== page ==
The Little Boats

With a shortage of ships the Brits organized a fleet of some 700 small private boats to sail across the Channel and help evacuate the men. It took nine days to evacuate 338,000 men. The Dunkirk evacuation saved the British army to fight again. This is often called the “Miracle of Dunkirk”.

Fortunately, we (U.S., Britain, and Russia) eventually crushed Germany by June 1945.

The movie “Dunkirk”, produced and directed by Christopher Nolan, brings you to that moment in history. It is a brilliant and moving achievement, perhaps a great film, if not one of the greatest war movies ever made. It is supported by a superb musical score by Hans Zimmer.

From the movie

It is customary to portray such pivotal events in history with melodrama, but Nolan avoids that. It is not about stern fretful officers arguing in a war room in London or heroic men leading charges to the tune of martial music. Nolan shows you the war as it is happening. Men doing what they have to do. It is vast in scope, intimate in its portrayal, and brilliant.

Which leads to ideas and war. Why did Adolph Hitler wish to conquer the world? Why does anyone start a war?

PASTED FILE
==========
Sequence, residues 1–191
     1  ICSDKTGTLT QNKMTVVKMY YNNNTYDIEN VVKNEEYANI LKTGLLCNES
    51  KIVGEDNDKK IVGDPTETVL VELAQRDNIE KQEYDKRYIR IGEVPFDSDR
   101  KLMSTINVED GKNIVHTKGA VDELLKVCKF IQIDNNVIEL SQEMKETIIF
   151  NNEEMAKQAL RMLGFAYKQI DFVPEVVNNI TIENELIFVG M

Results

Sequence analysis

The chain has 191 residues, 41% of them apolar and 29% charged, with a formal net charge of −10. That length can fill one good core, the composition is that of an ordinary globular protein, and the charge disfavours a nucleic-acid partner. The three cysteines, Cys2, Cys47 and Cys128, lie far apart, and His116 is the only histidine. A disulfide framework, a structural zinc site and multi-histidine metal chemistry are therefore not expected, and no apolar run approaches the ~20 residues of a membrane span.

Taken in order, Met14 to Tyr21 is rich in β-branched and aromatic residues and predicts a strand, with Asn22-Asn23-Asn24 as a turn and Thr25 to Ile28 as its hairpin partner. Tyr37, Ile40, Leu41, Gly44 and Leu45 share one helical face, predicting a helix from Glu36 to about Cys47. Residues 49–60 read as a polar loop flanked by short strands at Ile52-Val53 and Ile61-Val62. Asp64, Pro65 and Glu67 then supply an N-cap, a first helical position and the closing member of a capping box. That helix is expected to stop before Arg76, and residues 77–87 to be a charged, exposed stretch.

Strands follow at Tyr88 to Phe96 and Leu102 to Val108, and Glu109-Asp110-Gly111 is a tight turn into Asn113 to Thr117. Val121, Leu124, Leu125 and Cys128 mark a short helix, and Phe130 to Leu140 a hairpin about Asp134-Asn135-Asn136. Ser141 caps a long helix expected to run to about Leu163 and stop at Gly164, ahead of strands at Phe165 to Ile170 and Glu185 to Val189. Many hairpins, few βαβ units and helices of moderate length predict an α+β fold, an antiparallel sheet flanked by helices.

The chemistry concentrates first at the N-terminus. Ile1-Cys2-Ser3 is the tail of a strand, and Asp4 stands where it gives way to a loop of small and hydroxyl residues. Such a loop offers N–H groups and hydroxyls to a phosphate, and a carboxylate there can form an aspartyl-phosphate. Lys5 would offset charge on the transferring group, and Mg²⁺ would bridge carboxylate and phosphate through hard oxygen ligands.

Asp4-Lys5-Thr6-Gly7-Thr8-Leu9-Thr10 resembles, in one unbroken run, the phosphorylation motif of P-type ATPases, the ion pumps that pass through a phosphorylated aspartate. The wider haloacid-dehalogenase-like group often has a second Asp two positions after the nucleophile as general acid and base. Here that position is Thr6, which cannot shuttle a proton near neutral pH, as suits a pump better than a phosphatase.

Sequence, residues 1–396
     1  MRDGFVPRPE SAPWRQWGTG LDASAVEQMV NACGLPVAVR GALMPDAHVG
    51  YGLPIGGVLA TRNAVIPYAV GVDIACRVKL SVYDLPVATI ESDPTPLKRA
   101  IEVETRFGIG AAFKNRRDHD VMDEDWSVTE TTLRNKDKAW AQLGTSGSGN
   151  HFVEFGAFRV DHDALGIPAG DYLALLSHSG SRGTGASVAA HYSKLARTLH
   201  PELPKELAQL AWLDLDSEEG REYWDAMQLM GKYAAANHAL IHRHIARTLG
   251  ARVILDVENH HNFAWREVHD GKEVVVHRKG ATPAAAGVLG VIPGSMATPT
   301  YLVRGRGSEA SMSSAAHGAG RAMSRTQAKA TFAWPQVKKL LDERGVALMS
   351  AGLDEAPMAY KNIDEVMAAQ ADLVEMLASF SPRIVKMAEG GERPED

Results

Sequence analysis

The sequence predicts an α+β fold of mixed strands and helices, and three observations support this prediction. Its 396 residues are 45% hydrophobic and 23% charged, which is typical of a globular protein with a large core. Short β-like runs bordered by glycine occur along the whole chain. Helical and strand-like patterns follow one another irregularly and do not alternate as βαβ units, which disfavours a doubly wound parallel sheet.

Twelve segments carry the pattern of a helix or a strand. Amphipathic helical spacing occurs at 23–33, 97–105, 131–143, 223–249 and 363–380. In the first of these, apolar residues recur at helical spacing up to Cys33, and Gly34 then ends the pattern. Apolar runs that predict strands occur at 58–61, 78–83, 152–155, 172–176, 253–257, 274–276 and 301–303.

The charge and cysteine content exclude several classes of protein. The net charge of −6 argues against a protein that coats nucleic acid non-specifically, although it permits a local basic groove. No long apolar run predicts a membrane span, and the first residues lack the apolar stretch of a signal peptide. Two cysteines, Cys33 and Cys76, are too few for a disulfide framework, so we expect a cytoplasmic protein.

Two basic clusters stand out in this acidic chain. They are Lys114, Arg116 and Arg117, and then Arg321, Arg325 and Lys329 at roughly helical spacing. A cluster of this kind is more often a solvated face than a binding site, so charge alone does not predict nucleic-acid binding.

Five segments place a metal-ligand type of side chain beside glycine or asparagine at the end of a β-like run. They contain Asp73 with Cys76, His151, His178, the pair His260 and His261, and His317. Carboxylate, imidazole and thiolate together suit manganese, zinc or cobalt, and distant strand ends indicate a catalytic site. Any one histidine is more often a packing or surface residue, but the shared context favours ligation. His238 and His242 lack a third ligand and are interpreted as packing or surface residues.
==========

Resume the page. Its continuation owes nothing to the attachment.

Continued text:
For Hitler, it began with ideas of how the world works. To achieve his utopian views, he believed that society could and should be molded by force wielded by a cadre of wise leaders. Of course, he was the wisest. Any act to achieve those ends, including murder, enslavement, war, and conquest, were justified. And he convinced most Germans of his vision.

Many believe Adolph Hitler was insane to do what he did. One could say that his bigotry and hatred of Jews that led to the murder of some 6 million European Jews was an act of insanity, but it wasn’t. If he were insane then so were the millions of members of the Nazi Party and German citizens who approved, supported, and participated in the persecution and murder of Jews.

Hitler’s ideas failed. Unfortunately, the aftermath of those ideas was that perhaps 80 million people died in World War Two and Germany was left in ruins.